This dissertation presents the findings of an exploratory collective case-study examining corporate innovations arising from voluntary dyadic engagement between UK firms and nonprofit organisations (NPOs) focused on social issues. Whilst the extant literature demonstrates that pro-active engagement with NPOs can assist firms innovate, there has been no empirical work which explores the relationship between the engagement and the innovation outcome: a gap which this research addresses. In doing so, it illustrates how concepts and constructs from the innovation management literature can be applied usefully to the stakeholder and cross-sector collaboration field. To date, empirical studies addressing firm-NPO engagements have concentrated overwhelmingly on partnerships to address environmental issues. This study provides insights into cross-sector engagements focused on addressing social issues. Using a form of analytic induction to evaluate qualitative case-data from ten dyadic engagements, this dissertation addresses the question: “how do firms innovate through engagement with social issues nonprofit organisations?” The research found that product and service innovations resulted from engagements where the firm had an external stakeholder orientation and was focused on delivering tangible demonstrations of corporate responsibility. Process innovations, by contrast, were produced from engagements where firms had an internal stakeholder orientation. Two distinctions were noted in the innovation process, too. Firstly, a more exploratory approach to dyadic engagement activities, which resulted in an emergent innovation process; and secondly, a focused and pre-determined search activity to exploit the resources of the nonprofit partner which demonstrated a more planned innovation process. In addition, two distinct boundary spanning roles were identified: in dyads with no direct management involvement in the engagement, the role was associated with formal responsibilities from senior management to „manage‟ innovation opportunities and outcomes. In dyads where senior management were involved, there was no such formality; the boundary spanner acted to „facilitate‟ search and exploration to locate opportunities for innovation through idea exchange. The application of innovation constructs to the business and society field has enabled firm engagement with nonprofit stakeholders to be examined through a new lens and demonstrated how firms innovate from such relationships. In particular it has highlighted the key role played by the firm boundary spanner (relationship manager) and how this role alters depending on senior management involvement: a distinction which has not been made in the extant literature and would benefit from further examination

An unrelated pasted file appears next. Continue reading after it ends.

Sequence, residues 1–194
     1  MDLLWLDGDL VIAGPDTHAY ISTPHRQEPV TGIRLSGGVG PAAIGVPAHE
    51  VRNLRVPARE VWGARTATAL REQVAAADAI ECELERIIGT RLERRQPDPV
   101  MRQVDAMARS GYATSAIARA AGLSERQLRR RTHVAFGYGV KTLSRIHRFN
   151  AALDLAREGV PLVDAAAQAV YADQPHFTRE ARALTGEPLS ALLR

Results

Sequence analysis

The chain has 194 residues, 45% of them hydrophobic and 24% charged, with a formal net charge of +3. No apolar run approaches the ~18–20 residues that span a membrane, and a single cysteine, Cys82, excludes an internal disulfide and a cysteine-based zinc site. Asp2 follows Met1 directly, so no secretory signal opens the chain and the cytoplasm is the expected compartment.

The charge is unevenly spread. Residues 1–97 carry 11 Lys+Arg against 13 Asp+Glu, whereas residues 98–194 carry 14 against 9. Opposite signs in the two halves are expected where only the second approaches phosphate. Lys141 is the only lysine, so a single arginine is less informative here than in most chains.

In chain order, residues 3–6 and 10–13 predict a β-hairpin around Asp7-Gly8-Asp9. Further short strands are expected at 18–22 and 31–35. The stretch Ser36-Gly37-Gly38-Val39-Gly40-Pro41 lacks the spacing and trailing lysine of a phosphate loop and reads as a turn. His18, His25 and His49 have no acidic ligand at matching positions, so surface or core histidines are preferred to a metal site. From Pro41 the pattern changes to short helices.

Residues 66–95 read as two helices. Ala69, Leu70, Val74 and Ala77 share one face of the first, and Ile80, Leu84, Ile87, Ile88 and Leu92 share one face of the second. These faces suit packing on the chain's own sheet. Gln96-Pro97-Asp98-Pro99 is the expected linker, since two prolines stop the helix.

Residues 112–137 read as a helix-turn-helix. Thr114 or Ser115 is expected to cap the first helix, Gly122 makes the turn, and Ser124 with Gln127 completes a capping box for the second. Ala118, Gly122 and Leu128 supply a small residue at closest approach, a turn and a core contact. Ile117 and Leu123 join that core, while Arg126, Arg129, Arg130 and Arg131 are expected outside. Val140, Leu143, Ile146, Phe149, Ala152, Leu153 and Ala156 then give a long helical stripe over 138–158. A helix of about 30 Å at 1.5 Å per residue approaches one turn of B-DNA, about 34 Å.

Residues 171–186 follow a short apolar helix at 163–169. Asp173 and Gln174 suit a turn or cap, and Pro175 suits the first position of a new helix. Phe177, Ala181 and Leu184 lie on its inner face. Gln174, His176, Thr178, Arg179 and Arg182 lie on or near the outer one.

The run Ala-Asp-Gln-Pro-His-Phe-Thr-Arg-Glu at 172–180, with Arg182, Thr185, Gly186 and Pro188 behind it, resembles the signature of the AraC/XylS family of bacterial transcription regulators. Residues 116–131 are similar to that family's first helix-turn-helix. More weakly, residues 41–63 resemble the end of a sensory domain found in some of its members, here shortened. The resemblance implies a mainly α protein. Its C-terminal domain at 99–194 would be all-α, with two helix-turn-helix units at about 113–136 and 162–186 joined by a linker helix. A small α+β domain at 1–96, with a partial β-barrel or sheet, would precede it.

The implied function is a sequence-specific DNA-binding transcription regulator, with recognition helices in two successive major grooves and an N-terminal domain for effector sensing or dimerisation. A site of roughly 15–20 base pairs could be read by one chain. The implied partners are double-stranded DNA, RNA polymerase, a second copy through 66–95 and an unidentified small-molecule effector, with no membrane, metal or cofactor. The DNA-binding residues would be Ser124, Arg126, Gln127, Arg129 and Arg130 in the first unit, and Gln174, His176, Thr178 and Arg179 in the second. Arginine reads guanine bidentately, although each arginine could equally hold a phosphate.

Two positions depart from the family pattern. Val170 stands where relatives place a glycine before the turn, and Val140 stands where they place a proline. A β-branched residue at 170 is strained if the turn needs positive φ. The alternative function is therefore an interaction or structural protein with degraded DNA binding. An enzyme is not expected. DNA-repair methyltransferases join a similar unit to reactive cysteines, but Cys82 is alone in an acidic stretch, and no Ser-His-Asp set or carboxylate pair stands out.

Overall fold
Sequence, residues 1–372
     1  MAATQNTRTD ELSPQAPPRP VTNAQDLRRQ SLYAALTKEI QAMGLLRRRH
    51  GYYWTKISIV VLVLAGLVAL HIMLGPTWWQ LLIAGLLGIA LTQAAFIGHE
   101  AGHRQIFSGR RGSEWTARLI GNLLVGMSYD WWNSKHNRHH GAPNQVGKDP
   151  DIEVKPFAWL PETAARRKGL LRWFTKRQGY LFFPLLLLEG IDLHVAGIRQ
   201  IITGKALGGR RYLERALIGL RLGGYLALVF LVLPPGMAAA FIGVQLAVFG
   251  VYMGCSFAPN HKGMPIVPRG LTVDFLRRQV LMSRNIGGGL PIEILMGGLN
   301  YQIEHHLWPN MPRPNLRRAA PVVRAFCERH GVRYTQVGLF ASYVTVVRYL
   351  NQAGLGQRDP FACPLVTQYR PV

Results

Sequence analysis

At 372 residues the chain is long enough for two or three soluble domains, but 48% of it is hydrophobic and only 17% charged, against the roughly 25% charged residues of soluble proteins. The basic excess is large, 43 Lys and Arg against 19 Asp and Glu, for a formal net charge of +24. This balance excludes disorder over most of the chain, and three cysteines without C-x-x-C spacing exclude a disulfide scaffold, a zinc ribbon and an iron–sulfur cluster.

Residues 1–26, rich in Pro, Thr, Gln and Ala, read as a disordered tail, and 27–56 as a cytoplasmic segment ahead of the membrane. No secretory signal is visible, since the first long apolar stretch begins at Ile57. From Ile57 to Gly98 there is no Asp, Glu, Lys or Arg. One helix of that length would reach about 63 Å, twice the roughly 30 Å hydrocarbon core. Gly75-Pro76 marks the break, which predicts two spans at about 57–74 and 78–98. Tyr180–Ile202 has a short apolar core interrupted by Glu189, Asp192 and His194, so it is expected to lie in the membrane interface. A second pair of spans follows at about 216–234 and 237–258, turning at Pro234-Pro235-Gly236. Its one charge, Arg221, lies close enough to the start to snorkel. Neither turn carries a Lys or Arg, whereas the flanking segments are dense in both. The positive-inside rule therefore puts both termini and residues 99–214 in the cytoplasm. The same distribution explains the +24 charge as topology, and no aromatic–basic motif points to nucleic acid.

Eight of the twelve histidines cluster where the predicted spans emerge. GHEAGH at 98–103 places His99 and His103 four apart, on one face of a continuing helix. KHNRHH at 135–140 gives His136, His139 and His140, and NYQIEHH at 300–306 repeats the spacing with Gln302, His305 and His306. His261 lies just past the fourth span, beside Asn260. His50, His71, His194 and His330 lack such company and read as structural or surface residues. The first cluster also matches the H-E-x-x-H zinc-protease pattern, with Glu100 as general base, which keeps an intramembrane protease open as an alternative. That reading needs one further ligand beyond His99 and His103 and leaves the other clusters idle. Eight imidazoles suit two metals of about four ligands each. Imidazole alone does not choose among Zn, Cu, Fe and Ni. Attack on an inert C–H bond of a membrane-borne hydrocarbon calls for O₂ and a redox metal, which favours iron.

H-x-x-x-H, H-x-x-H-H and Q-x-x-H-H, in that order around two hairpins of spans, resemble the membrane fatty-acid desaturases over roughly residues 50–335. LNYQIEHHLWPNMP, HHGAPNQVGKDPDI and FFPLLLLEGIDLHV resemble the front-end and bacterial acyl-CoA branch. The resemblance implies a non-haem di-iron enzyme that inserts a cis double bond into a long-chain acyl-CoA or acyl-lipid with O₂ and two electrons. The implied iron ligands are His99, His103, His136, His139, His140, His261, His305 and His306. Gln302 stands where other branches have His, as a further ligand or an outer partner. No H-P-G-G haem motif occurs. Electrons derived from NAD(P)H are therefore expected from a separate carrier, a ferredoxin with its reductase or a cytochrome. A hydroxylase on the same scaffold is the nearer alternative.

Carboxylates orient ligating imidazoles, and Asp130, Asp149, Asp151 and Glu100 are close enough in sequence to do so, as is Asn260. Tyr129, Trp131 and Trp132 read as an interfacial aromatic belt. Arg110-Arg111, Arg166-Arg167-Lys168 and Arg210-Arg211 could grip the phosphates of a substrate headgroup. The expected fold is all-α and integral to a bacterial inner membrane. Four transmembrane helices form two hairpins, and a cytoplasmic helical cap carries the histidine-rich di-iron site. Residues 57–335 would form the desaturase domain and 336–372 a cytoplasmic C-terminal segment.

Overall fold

To submit an update or takedown request for this paper, please submit an Update/Correction/Removal Request.